It’s well known that exercise can improve a person’s health: weight management, mood improvement, and heart disease prevention are common outcomes for regular exercise. But though these effects are documented, scientists don’t exactly know how and why regular exercise can produce these outcomes. In an effort to better understand exercise and heart disease prevention on a molecular level, postdoctoral fellow Dr. Junchul Shin is embarking on a research project with two-year, $110,000 funding from the American Heart Association (AHA).
Dr. Shin, a third-year fellow in kinesiology associate professor Dr. Joon Young Park’s Cardiovascular Genomics Laboratory, plans to examine the molecular mechanism through which blood vessels form new capillaries, a process known as vascular formation. Dr. Shin will test whether low levels of oxygen after exercise induce the blood vessel molecules to form new capillaries, since people who exercise regularly have been shown to have a greater density of capillaries. “If there’s a density of capillary, there are greater health benefits,” says Dr. Shin. “We know that vessels are made through exercise. Researchers believe that density is related to hypertension, and increased density might decrease blood pressure.”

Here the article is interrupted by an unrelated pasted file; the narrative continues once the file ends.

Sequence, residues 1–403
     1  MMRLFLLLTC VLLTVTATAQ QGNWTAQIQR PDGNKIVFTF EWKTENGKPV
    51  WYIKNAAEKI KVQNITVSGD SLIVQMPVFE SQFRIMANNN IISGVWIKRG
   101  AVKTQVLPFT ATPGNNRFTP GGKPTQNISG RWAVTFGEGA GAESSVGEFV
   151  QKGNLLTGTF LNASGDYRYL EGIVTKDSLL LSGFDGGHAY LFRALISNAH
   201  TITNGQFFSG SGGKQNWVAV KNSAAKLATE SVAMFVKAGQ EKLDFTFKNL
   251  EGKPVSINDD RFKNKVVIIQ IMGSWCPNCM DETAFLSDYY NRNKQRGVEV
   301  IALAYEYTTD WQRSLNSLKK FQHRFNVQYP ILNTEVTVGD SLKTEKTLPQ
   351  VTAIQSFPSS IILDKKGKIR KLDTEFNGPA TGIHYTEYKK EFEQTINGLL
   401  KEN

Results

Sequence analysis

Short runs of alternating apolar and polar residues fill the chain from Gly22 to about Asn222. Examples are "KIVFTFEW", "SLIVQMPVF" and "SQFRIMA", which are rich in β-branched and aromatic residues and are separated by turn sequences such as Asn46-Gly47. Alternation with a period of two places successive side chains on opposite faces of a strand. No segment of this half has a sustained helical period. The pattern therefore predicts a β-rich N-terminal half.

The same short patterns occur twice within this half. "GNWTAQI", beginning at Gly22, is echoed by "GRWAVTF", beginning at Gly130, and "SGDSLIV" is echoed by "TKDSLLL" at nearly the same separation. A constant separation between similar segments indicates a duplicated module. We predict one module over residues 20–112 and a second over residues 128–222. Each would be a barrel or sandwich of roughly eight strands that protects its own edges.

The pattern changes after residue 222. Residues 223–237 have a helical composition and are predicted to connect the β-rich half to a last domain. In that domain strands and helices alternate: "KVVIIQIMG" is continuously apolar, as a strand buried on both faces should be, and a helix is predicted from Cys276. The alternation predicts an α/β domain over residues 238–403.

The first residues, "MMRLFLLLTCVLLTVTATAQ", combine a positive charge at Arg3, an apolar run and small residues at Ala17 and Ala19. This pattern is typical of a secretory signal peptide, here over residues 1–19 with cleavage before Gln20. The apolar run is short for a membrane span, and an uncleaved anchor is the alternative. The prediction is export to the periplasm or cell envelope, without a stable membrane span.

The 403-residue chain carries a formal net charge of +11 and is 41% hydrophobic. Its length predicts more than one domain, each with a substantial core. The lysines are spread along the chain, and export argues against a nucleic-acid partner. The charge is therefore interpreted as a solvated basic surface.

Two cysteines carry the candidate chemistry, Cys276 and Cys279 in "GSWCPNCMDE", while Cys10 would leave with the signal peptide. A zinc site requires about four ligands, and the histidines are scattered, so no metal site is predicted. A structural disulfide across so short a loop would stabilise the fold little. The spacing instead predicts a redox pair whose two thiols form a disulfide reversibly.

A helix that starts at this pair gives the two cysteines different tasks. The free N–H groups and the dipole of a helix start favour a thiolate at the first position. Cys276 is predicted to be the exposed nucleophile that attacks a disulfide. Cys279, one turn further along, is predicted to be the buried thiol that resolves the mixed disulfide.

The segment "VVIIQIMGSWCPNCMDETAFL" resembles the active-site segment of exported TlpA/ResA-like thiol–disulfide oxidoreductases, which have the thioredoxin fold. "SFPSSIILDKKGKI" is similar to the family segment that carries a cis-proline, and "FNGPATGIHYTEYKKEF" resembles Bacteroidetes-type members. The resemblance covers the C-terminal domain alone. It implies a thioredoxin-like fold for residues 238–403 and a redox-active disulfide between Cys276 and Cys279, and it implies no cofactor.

The specific vascular molecules targeted in Dr. Shin’s study are HIF 1 alpha (short for “hypoxia-inducible factor 1”) and PHD2 (“prolyl hydoxylase domain 2”). Using an animal model involving mice, Dr. Shin will test if HIF 1 alpha activates and triggers blood vessel growth when PHD2 is dormant. Shin believes that PHD2’s inactivation is key to vascular formation, since it is known that PHD2 becomes dormant when the body is in a low-oxygen state — which is believed to be a common, temporary effect of exercise.Tags: Friday Letter Submission